Just before the summer started, Jon Harry was told he’d have to leave his room at a Duncan motel because the owner planned to renovate.
Harry, on provincial disability benefits, had already been struggling to pay for his small motel room, which didn’t include a kitchen: rent was $1,100 a month, leaving just $200 to pay for food and other living expenses.
But Harry was unable to find a new place to rent, and for the last five months, he’s been sleeping rough.
“I was in a tarp and blanket, and then I was in a tent for a little bit,” the 34-year-old Duncan resident told The Tyee. “And now I'm trying to go to a shelter.”
Harry is one of a new wave of developmentally disabled people who are ending up homeless in B.C.
Organizations that support developmentally disabled clients say it’s a recent phenomenon, and a new low for a province that has struggled with rising homelessness, spiking rents and rampant real estate speculation for years.
“Starting a few years ago, [support workers] all of a sudden had started to see that the people they support couldn't afford housing and were ending up on the street,” said Dominic Rockall, chief executive officer of Clements Centre, an organization that supports around 200 people with developmental disabilities in Duncan. The town of 5,000 people is located within the municipality of North Cowichan on Vancouver Island.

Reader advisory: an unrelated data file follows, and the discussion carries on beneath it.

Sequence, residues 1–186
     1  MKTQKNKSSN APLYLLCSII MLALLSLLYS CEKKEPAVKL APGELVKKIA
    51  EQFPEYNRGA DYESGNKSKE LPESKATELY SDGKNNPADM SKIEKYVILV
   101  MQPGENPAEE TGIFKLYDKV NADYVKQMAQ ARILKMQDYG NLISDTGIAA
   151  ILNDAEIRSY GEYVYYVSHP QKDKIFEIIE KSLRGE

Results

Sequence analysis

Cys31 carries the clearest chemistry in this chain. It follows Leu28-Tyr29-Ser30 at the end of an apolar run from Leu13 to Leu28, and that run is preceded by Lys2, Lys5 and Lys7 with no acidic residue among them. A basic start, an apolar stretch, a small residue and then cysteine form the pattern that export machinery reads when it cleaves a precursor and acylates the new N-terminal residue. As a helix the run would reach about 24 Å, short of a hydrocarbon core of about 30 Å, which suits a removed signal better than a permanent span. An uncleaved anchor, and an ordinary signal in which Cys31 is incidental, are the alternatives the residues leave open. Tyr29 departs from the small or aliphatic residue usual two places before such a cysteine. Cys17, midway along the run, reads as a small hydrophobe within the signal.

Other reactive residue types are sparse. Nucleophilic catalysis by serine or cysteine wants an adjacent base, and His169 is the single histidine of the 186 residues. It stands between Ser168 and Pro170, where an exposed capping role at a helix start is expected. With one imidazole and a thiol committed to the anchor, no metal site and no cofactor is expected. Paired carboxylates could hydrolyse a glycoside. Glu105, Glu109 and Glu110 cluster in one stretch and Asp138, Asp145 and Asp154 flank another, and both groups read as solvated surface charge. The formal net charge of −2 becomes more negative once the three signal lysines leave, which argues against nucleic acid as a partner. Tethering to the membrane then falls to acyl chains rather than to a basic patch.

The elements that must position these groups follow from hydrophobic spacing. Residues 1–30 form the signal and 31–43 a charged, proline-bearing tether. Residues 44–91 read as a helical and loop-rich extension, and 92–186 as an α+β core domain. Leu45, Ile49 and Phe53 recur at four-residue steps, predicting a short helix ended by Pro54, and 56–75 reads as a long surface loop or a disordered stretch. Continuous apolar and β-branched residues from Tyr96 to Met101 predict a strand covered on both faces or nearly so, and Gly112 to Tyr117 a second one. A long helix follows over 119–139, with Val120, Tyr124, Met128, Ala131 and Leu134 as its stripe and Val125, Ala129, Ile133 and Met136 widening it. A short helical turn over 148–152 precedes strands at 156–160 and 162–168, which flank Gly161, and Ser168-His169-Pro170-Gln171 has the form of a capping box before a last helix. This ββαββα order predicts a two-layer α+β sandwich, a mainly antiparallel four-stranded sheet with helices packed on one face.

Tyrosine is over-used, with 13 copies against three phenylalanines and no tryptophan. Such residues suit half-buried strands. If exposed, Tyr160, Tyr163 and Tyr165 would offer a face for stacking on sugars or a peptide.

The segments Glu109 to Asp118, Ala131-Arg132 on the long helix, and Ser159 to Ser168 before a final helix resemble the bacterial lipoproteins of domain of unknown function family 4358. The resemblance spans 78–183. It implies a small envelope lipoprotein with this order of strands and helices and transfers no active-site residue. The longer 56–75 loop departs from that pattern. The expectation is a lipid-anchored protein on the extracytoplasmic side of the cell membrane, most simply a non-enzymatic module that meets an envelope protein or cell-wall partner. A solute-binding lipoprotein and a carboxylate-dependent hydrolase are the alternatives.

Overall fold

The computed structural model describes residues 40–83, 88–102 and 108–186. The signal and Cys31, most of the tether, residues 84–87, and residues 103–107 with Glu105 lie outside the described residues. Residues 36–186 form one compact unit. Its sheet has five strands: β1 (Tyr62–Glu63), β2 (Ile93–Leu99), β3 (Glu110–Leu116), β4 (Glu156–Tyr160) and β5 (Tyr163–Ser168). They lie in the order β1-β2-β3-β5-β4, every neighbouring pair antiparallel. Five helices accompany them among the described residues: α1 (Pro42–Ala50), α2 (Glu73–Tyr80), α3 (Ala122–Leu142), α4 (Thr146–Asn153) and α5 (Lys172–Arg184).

“Five years ago, this wasn't a thing: everybody was in apartments. It’s kind of grown over the last five years — at one point we had 12 people that were completely unhoused.”
Currently, 18 Clements Centre clients are in crisis, Rockall said. Nine of those people are homeless; two were recently incarcerated and were homeless at the time they were arrested; and seven are at risk of homelessness. Some of those who are at risk of losing their housing are currently paying 80 to 90 per cent of their income on rent.
While the Clements Centre has been speaking out about the problem in Duncan, the same pressures are happening across B.C., said Karla Verschoor, executive director of Inclusion BC, an organization that advocates for people with intellectual and developmental disabilities.
“It's having a devastating impact on the people that I work for and with, who in B.C. are sitting right now at a roughly 78 per cent unemployment rate,” said Verschoor. “Of those 22 per cent that are working, the average income sits at around $13,000, which eliminates them from any rental market other than the deep subsidized social housing option.”